Then, can be extended in an execution where contains every element of , i.e., . Moreover, we can define such an extension that does not contain any query or update actions.
We build an infinite sequence of finite executions , where for every , . Moreover, we have and for every , , and is obtained from as follows.
For every broadcast action in , and for every , if there is no receive action in , then we add one when constructing . Moreover, if the message handler specifies that a message should be sent when msg is received, we add a new broadcast action that sends , immediately following the receive action. Finally, using Lemma 2, we add a query action (read) on site pid.
Then, we define to be the limit of By Lemma 4, we have . Since is convergent, we know that is eventually consistent. This ensures that for every , out of the infinite number of queries that belong to , only finitely many do not contain .
Therefore, there exists such that ends with a query action that contains every element of . By construction, is of the form . Using Lemma 3, we remove every query action that appears in , and obtain an execution of the form where contains every element of , and where does not contain any query or update actions.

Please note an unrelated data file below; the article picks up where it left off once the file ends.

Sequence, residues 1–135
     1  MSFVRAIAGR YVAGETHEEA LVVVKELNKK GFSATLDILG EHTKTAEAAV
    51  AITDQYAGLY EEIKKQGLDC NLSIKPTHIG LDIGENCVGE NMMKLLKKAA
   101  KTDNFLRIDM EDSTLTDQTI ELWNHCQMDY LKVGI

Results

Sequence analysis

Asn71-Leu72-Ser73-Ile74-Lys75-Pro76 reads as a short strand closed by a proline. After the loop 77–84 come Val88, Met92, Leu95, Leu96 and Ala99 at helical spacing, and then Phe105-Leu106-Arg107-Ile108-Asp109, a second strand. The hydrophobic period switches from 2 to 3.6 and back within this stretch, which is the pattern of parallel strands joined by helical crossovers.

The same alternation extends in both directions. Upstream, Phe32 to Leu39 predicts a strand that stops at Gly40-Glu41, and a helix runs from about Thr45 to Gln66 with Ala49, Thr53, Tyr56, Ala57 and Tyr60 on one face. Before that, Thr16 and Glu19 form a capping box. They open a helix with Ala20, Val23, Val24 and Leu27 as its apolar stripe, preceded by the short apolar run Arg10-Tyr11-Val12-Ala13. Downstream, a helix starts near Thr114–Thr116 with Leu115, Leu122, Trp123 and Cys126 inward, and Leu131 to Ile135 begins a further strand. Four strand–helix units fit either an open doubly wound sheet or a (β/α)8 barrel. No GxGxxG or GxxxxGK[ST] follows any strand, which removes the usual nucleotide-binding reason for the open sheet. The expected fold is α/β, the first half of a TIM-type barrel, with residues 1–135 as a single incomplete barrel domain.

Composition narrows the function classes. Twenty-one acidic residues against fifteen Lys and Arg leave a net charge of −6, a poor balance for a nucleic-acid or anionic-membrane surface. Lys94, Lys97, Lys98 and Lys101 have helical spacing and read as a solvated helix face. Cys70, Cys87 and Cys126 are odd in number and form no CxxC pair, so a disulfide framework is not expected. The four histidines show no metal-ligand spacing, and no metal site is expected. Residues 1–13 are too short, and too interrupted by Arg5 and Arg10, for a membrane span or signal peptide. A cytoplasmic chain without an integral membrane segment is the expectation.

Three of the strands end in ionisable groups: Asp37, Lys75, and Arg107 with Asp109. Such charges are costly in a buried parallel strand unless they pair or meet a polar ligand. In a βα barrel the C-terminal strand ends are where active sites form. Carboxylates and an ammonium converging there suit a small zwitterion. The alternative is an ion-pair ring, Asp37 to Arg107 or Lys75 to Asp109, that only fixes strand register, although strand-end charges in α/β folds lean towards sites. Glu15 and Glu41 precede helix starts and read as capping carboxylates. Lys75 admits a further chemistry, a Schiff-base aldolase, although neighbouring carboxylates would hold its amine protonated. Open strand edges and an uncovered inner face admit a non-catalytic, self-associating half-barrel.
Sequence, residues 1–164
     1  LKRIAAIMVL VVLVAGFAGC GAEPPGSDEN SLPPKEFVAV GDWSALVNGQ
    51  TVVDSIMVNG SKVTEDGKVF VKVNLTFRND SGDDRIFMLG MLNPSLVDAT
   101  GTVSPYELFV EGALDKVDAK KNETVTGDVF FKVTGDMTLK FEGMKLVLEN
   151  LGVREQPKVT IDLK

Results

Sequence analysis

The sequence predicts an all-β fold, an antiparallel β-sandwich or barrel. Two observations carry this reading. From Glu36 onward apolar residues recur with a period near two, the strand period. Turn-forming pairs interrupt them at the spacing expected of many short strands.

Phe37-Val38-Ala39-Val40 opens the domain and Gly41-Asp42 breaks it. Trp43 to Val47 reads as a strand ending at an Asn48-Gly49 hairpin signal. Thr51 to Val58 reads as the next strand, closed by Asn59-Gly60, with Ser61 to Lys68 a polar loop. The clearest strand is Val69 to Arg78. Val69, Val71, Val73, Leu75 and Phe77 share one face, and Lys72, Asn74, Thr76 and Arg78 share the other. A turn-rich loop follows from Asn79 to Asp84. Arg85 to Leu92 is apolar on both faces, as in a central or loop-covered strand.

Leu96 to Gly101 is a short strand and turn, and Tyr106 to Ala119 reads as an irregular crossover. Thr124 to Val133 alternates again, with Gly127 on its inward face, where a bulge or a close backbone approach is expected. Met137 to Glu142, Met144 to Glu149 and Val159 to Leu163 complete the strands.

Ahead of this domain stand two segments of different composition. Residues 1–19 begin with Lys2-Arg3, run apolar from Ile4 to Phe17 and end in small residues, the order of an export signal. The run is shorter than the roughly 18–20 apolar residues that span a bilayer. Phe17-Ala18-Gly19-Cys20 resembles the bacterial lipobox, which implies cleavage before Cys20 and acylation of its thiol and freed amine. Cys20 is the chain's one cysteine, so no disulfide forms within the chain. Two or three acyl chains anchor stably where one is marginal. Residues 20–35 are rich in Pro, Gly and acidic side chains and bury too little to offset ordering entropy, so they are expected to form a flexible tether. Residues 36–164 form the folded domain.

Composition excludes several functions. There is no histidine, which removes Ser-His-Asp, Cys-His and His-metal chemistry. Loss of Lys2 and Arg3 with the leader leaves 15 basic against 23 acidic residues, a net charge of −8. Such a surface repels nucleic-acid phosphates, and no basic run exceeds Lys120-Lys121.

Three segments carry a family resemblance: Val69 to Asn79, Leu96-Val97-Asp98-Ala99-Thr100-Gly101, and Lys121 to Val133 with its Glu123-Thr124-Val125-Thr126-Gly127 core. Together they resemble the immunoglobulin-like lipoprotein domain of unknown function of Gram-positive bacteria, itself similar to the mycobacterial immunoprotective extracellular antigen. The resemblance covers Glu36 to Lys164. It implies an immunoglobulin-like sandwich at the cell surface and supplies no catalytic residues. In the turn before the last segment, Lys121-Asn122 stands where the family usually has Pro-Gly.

5.3 Nothing Is Stronger Than Mpc in a Distributed Setting
We now proceed with the proof that no convergent implementation is strictly stronger than MPC. We start with an implementation that is strictly stronger than MPC and derive a contradiction.
More precisely, using the lemmas proved in Section 5.2, we prove that any trace of MPC belongs to . First, we show that this holds for finite traces, by using an induction on the number of write operations in the trace. Then, we extend the proof to infinite traces by going to the limit.
Let be a convergent implementation. Then, is not strictly stronger than MPC: .
Assume that is strictly stronger than MPC i.e. . Our goal is to prove that therefore leading to a contradiction. In terms of traces, we want to prove that .
Let . Our goal is to prove that .
Case where is finite. We prove this part by induction in Lemma 6.
Case where is infinite. Let . We first order all the query actions in as a sequence such that for every , , and for every , (in the program order of ) implies . Defining such a sequence is possible thanks to the Monotonicity property of MPC.
For each , we define a finite trace that contains all query actions with , and the subset of that contains all elements appearing in these query actions, i.e. . Our goal is to construct an execution such that , and such that for all , . We then define as the limit of By Lemma 4, we have . Since , we deduce that , which concludes the proof.
We now explain how to construct , for every , by induction on . Let be the empty execution and . For , we define by starting from , and extending it as follows. By induction, we know that , and want to extend it into an execution such that .